The Three Biggest Publishers In the World Love Pandora…

Pandora Signs Warner/Chappell

Pandora spends a huge chunk of their revenues on copyright, which is why they spend a huge chunk of their time trying to lower their copyright obligations.  Pandora’s business model is also limited to a slew of copyright-related usage restrictions, which is one reason why Wall Street has been cautious around this stock.

But what if Pandora could control its own copyright deals, and thereby better control its destiny?  Enter Warner/Chappell Music, the third largest music publisher in the world, who just inked a direct licensing deal with Pandora.  The multi-year deal, announced today, complements earlier deals with Sony/ATV Music Publishing and Universal Music Publishing Group, the first- and second-largest music publishers in the world, respectively.

Pandora still has to pay, but the deals will be broader than the bureaucratic, territory- and usage-constrained deals concocted by the US government.  That means greater ability to expand into foreign territories and more easily expand into areas like on-demand streaming, for example.  Just recently, Pandora acquired Rdio and is already asking rightsholders for expanded permissions, according to DMN insiders.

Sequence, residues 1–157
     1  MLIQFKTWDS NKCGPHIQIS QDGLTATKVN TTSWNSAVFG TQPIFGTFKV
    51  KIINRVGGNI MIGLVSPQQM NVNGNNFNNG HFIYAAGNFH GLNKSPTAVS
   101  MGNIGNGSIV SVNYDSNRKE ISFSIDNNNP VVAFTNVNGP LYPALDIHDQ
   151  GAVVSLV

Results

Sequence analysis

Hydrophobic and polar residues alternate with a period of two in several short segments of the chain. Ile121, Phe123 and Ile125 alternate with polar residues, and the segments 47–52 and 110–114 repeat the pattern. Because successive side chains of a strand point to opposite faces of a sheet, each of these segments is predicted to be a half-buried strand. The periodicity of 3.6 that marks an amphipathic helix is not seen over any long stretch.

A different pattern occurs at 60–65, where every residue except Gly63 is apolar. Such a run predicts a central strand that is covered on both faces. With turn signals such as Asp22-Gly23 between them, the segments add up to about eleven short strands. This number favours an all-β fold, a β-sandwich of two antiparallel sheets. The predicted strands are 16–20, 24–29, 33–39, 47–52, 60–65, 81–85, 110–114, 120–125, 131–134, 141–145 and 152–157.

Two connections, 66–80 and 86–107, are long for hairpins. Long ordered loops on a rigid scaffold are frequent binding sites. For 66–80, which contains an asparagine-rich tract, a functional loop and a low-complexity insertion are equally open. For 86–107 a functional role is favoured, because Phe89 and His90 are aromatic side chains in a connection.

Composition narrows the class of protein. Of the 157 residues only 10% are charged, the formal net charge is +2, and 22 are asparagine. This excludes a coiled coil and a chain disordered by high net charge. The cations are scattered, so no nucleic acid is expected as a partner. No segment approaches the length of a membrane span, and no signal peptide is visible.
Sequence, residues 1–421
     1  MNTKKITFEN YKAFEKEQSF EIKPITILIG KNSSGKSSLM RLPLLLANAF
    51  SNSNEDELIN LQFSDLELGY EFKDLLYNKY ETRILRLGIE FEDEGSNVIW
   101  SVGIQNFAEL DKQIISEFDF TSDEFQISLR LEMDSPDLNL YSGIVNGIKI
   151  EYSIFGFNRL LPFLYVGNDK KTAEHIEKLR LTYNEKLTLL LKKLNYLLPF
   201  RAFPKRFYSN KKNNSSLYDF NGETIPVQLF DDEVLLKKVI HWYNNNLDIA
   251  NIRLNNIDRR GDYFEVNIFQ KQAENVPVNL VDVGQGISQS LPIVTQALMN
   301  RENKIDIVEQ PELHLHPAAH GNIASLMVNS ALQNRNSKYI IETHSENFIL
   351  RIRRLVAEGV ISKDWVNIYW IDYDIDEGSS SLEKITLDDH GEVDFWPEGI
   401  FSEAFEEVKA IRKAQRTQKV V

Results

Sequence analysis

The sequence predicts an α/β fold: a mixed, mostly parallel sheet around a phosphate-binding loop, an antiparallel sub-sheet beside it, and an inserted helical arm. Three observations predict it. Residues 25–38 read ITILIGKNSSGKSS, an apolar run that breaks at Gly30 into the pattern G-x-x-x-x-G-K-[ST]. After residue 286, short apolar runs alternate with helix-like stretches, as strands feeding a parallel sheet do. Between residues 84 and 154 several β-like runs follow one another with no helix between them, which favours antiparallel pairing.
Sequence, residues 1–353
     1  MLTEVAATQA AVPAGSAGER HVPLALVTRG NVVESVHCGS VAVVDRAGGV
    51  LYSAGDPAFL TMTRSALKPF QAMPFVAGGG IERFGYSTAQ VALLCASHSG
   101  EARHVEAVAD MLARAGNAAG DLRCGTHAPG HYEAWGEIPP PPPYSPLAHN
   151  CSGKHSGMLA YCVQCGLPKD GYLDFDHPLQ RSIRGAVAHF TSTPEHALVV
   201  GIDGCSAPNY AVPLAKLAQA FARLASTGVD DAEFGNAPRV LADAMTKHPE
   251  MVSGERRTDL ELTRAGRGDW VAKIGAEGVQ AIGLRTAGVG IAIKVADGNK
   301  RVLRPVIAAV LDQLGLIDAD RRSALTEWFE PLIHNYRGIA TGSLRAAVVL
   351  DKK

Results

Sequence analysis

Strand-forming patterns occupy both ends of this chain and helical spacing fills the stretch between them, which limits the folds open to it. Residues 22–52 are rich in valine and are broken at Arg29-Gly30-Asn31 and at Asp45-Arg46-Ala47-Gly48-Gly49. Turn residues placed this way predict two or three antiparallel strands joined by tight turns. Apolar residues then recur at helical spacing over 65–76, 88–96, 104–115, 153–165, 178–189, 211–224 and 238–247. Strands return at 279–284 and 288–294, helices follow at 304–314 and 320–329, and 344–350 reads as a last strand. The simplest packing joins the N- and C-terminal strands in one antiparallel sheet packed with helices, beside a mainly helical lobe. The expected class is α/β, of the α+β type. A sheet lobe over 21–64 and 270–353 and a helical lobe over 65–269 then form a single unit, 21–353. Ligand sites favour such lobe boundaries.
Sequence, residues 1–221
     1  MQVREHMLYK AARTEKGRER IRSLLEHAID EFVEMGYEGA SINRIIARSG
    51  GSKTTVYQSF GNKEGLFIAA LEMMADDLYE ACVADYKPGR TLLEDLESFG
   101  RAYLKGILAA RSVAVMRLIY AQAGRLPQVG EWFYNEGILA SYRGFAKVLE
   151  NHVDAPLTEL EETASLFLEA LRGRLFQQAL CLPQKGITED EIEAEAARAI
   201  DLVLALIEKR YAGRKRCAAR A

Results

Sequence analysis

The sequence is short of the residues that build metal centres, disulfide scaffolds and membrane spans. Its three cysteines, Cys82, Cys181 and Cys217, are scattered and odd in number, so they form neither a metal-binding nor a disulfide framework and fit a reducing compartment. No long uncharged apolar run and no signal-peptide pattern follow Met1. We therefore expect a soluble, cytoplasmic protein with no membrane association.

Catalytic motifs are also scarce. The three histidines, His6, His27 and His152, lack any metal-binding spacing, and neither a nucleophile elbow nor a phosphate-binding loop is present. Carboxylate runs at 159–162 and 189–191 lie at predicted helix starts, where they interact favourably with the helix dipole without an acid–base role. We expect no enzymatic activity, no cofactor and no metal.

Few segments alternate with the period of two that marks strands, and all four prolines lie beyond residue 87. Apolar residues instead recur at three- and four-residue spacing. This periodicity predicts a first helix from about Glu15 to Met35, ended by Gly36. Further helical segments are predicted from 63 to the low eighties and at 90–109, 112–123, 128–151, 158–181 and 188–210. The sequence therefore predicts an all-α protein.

Warner likes this deal, in part because it sends more money directly to them.  “It is Warner/Chappell’s top priority to make sure our songwriters are prospering both creatively and commercially, and that the value of their music is properly recognized,” Warner/Chappell Music CEO John Platt offered in a statement.


Critics, including top industry lawyers and songwriter advocates, question whether direct deals are the healthiest next step for this industry.  The ‘bad actor’ problem that have sullied major labels for years could be replicated on the publishing side, with writers getting scraps, or stiffed altogether.

Meanwhile, Pandora is nail-biting ahead of an all-important rates determination by the US Copyright Royalty board, which determines another tier of royalties sent to SoundExchange.  Those rates are expected to be delivered this week (and the market is watching).

2 Responses

  1. Musicservices4less

    As I said in the similar article regarding SONY, since the majors provide the rules and boundaries for the rest of the publishing/recording industries, they owe it to the us, the players, to reveal the “deal points” of these arrangements.


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